As for the llenses, no. Leave them with the Pentax camera. Buy some film and use it. You will be surprprized at how much better scanned ilm can be then a digital SLR. Film has the potential for much better image quality and it has a larger dynamic range.

    I saw your example picture of the door. First off that is not a god test subject. Try having some one stand a few feet from the wall. Next aim the flash either straight up or backwards. NOT directly at the subject.


    When you buy a SLR you are buying into a "system". Changing later is expensive. So it sounds like you think the Olympus System is better for your needs then the Nikon System. Have you checked out all the lenses and other things you might want to buy over the next few years? Olympus will likely never go full frame but in 5 to 10 years Nikon might have FF DSLR at an afordable price. So plan ahead, way ahead. Olymus for 50 years has been making nice cameras they specialize in "small", If they have what you want go for it. Just be sure you like four thirds.
     
  17. macrumors 601

    compuwar

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    #17
    You're looking at a *system*, so you should decide first which *system* has the capabilities you need in terms of lenses. You already have a D40, you have an external flash that will work with it- so you should start by looking at Nikon's offerings and see if they fit the way you want to go- because in 4 years of less, you'll be purchasing a new dSLR body, but you'll be stuck with the lenses and flashes that you get over that 4 year period.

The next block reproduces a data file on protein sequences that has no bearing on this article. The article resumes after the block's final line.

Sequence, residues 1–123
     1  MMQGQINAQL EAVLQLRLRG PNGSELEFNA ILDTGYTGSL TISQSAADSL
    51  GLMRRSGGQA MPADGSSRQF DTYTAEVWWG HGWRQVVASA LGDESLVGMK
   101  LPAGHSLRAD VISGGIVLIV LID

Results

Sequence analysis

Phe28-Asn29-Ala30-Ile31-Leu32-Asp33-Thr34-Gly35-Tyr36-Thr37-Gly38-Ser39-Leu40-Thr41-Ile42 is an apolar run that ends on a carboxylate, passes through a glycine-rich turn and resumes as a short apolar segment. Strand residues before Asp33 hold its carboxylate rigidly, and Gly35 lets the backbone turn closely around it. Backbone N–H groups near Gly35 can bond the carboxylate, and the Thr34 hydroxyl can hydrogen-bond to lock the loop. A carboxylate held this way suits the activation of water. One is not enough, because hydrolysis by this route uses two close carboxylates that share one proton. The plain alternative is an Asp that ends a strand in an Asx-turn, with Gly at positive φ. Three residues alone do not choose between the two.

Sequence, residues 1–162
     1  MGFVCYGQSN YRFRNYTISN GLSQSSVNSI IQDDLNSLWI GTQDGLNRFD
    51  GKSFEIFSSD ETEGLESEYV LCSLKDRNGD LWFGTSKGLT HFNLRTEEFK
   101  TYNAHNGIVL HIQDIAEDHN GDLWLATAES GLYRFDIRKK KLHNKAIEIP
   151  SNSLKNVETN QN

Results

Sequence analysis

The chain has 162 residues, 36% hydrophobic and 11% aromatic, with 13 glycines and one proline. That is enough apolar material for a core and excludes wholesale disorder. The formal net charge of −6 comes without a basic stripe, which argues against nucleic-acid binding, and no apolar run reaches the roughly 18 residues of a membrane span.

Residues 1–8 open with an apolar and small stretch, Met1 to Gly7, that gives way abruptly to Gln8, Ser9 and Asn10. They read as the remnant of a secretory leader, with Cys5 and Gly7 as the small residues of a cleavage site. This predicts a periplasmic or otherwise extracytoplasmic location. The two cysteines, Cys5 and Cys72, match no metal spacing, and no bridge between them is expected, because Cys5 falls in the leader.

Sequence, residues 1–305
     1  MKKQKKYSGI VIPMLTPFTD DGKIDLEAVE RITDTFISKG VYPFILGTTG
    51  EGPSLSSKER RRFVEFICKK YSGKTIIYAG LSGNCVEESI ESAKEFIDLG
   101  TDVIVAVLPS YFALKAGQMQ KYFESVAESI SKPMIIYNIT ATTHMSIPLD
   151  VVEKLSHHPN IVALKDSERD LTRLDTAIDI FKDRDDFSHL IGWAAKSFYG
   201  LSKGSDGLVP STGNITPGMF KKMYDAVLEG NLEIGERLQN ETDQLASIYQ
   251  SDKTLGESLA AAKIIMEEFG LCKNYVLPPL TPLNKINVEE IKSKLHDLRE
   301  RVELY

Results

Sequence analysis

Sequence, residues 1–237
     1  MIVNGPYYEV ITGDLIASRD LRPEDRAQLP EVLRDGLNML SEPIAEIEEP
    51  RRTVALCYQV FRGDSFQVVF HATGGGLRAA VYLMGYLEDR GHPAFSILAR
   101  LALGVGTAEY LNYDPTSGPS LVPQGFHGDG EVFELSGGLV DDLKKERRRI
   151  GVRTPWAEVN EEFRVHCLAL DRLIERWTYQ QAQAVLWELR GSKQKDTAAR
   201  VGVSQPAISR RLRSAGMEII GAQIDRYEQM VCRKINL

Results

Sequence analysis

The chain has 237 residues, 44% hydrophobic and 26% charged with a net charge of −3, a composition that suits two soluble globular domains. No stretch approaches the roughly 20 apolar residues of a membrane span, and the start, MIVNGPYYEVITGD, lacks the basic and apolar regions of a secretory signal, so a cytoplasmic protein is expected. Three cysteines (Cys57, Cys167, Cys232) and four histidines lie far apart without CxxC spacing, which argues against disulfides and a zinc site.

Despite what a lot of people say, there's not much wrong with the D40 (and nothing given its design criteria and price point- the lack of backwards-compatible in-body focus motors was a design criteria to meet the price point.)

    I'd go with the D40 before anything else, but that's because I have a lot of Nikon lenses and a very good Nikon flash unit. Pentax, Sony and the 4/3rds systems all have differing lens selection, prices and availability and 4/3rds additionally has sensor size lock-ins that I personally don't like (the laws of physics are against smaller sensors.) Don't forget too that angle of view isn't the same as magnification- sometimes you need one, sometimes the other.

    One old lens is only a reason to switch systems if that lens is pretty special or right in the sweet spot that you routinely shoot in and you can't afford a newer lens in the system you have.

    If you decide to get a Pentax and you can't measure the trigger voltage of a flash and you're not sure what it is, then just throw in a Wein HSHS for $50 and never worry about it.

    http://www.adorama.com/WNSSHSHS.html

    If you're going to shoot unknown studio strobes, you'll want the SSPC model, probably regardless of which brand body you choose if you're going to shoot wired:

    http://www.adorama.com/WNSSPC.html

    If you know the voltage, then you're safer than not.

    Looking deeper, it does look like some Vivitar units (285 not 285HV and some 283 units have trigger voltages of greater than 250V) can kill a Nikon body at 250V

    The times I've shot in a friend's studio, I've alleviated the problem by using a Pocket Wizard to trigger the strobes- PWs rule and take all the "can I connect this to that?" stuff out of play. It's worth mentioning here because once you have a flash that can go off camera, the best place for it is off the camera, or at least on a flash bracket rather than the hot shoe. For amateur use, even a cheap radio trigger is better if it gets the flash off the camera. Barring that, IR triggers are a close third best.
     
  18. macrumors 601

    compuwar

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    #18
    You get rid of the harshness if you bounce the flash off a ceiling or bounce card and/or diffuse it with a diffuser. The built-in flash actually looks very even and good without any compensation.
     
  19. macrumors Nehalem

    GoCubsGo

    Joined:
    Feb 19, 2005
    #19
    I agree with this.

    I am rather shocked that the top wasn't the built in flash. But I stand by my agreement with Everythingisnt. Built in flashes can't compete with an external flash unit.